Page 12: Varieties of English Recurrent Concepts of English Language and Linguistics

Standard and non-standard dialects

• A standard dialect: a dialect that is supported by institutions

• Such institutional support may include government recognition or designation;

• presentation as being the "correct" form of a language in schools;

• published grammars, dictionaries, and textbooks that set forth a "correct" spoken and written form;

Page 13: Varieties of English Recurrent Concepts of English Language and Linguistics

• an extensive formal literature that employs that dialect in prose, poetry, non-fiction, etc.

• Standard American English, Standard British English, Standard Indian English, Standard Australian English, and Standard Philippine English may all be said to be standard dialects of the English language

Page 14: Varieties of English Recurrent Concepts of English Language and Linguistics

Non-standard Dialect

• A nonstandard dialect: has a complete vocabulary, grammar, and syntax, but is not the beneficiary of institutional support

• An example of a nonstandard English dialect is Southern English

• The Dialect Test was designed by Joseph Wright to compare different English dialects with each other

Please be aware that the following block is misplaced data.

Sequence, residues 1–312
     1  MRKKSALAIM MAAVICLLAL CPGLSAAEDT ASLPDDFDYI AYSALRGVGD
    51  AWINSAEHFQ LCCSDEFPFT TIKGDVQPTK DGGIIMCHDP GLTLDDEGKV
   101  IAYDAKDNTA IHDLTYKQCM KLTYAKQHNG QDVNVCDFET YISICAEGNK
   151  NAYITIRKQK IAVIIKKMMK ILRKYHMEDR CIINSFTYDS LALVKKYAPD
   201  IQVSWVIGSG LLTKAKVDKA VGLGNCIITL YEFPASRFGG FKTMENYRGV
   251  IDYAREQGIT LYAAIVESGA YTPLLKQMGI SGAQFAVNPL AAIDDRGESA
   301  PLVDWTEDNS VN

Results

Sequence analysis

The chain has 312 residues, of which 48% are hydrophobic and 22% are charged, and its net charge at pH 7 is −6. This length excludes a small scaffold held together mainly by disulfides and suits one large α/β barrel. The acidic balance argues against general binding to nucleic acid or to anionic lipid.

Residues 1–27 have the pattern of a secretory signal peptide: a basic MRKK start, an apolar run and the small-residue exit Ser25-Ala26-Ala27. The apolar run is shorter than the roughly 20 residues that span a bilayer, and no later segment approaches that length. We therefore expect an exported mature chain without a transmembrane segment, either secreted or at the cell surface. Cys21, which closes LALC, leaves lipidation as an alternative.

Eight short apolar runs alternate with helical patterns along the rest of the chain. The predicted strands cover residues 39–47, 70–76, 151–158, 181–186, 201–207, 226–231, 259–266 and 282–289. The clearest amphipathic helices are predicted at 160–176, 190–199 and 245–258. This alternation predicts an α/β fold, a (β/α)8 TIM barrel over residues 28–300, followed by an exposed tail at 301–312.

Page 15: Varieties of English Recurrent Concepts of English Language and Linguistics

Regional dialect

• not a distinct language • a variety of a language spoken in a particular area of a

country• Some regional dialects have been given traditional names

which mark them out as being significantly different from standard varieties spoken in the same place

• Ex: 'Hillbilly English' from the Appalachians in the USA and 'Geordie' from Newcastle upon Tyne in the UK

Page 16: Varieties of English Recurrent Concepts of English Language and Linguistics

Minority dialect

• Sometimes members of a particular minority ethnic group have their own variety which they use as a marker of identity, usually alongside a standard variety

• Ex: African American Vernacular English in the USA, London Jamaican in Britain, and Aboriginal English in Australia

Page 17: Varieties of English Recurrent Concepts of English Language and Linguistics

Indigenized variety

• Indigenized varieties are spoken mainly as second languages in ex-colonies with multilingual populations

• The differences from the standard variety may be linked to English proficiency, or may be part of a range of varieties used to express identity.